Phonics is a method of teaching children to read by linking sounds and symbols that represent them. 

At Southern Road we use a variety of ways to teach phonics and we have developed our own phonics scheme of work tailored to meet the needs of our children.  In Nursery this primarily focuses on Phase One of the DfE letters and sounds document.  Phase One encourages children to listen to different sounds in the environment and explore noises that they can hear. When children are ready (usually towards their final term in Nursery) Phase Two will be introduced.  Phase Two introduces the initial letter sounds in groups (e.g. s,a,t,p,i,n).  A range of methods including songs with actions, writing in the air and in sand are used to reinforce the learning.

In Reception we further embed the learning of the initial sounds using kinaesthetic as well as visual methods which helps children to progress in reading and writing.  Once children have mastered their initial sounds, skills such as blending and segmenting are taught.  We base our resources loosely on the Read Write Inc. programme of teaching synthetic phonics.  This is then continued as the children progress throughout Key Stage One.

Children are taught at their own level and resources are therefore matched appropriately to the needs of the children.  Speed sound charts are used rigorously to ensure all sounds are taught throughout Key Stage One.  Any children who are new to the school will have their phonics level assessed and then have their needs catered for.  Half termly assessments devised by Southern Road are used to assess children’s progress and these are then used to inform teachers’ planning and provide children with their next steps in learning.

Phonics Resources, What is phonics?

Phonics is the system of ‘blending’ sounds together to read, and ‘segmenting’ sounds to spell. They are linked skills that are taught together. You may hear your children use some vocabulary that you are not familiar with that they have learnt in their phonics lessons.

Bouncy or stretchy?

The sounds the letters make are sorted into either bouncy or stretchy.

Bouncy letters

a, e, i, o, u, b, c, d, g, h, j, k, p, qu, t, w, x, y, ch.

Stretchy letters

f, l, m, n, r, s, v, z, sh, th, ng, nk


We teach the children to say the ‘pure’ sound with no ‘”uh” on the end. Watch how to pronounce each letter here:

How can you help your child learn the sound each letter makes? Say the sound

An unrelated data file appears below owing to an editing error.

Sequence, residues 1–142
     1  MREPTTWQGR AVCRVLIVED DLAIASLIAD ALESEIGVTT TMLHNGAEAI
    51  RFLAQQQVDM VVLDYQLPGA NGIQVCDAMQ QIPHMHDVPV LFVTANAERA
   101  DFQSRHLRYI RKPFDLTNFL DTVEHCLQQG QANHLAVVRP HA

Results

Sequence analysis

Sing, stretch or bounce the sound, say children’s names which start with the sound or words which start with the sound.

Run your finger over the picture saying the sound and end with the word, e.g. “mmmm…mountain.”

Run your finger over the letter, saying the sound and ending with the letter e.g. “mmmmm….m”

Watch how to do this here. 


Consonant and vowel diagraphs—sounds which have 2 or 3 letters representing them, e.g. /ch/, /ng/, /th/, /sh/, /igh/, /air/.

Split diagraphs—when 2 letters are separated by another letter, e.g. /i-e/, /o-e/ in words such as time, home. Watch how to do this here ;

How can you help your child blend the sounds?


Fred talk

Fred can only talk in sounds.

Children ‘Fred’ talk too by saying each sound in a word. They gradually say them quick enough to blend the sounds together to achieve saying the entire word. E.g Fred talk m – a – t leads to saying “mat” as one entire word.

Say a word in ‘Fred’ talk and encourage your child to blend it to make the word. E.g Parent : ”Touch your h-ea-d…Child: “head”. Support your child to blend every step of the way so they achieve early success and believe they can do it!

Watch how to do this here!

How can you help your child write the letters correctly?

Use the writing chart to remind your child how to form their letters.

Every letter APART from the letters ‘d’ and ‘e’ starts at the top.

Encourage your child to nip the pencil, flip the pencil and then grip it. Download writing  letters chart here.

Fred fingers

We use ‘Fred fingers’ to count the sounds in a word. Each finger is worth one sound.

Remember praise, praise and more praise!

Helpful Tips!

Read to your child every day and talk about the book before you start.

Listen to your child read every day for ten minutes.

Talk about what is happening in the book. E.g I think she is…Look at…Maybe they will…

Ask your child questions E.g. What do you think he is…Why is she… Do you like to….What will happen next?

Re-read favourite stories; repetition is good!

Please speak to your child’s class teacher if you have any questions or concerns.


Watch out for the red words (high frequency words) which the children cannot ‘Fred’ talk.

The  to  I  go  to  into

he  she  we  me  was

you  they  all  are my her


Your child will begin to learn these words starting in Early Years.

To download the list of ‘red words’ click on Reception Red Words, Year 1 Red Words and Year 2 Red Words

When will your child learn the sounds?

Foundation Stage—Set 1 & 2                                                 Year One—Set 2 &3


Download resources

Reception Red words

Year 1 Red words

Year 2 Red words

writing mat  



Letters to practise together


Further information can be found here:

Things you can do at home 

DfE Letters and Sounds)

Learning to Read 


Useful Websites A website which has free online e-books and good advice on how to support your child. A really fun website which helps support children’s pronunciation recognition of all the sounds they need to know.


   A really fun and interactive way to learn how to blend sounds together to make words.


  Challenge your child to identify the correct high frequency (red words) word in this game.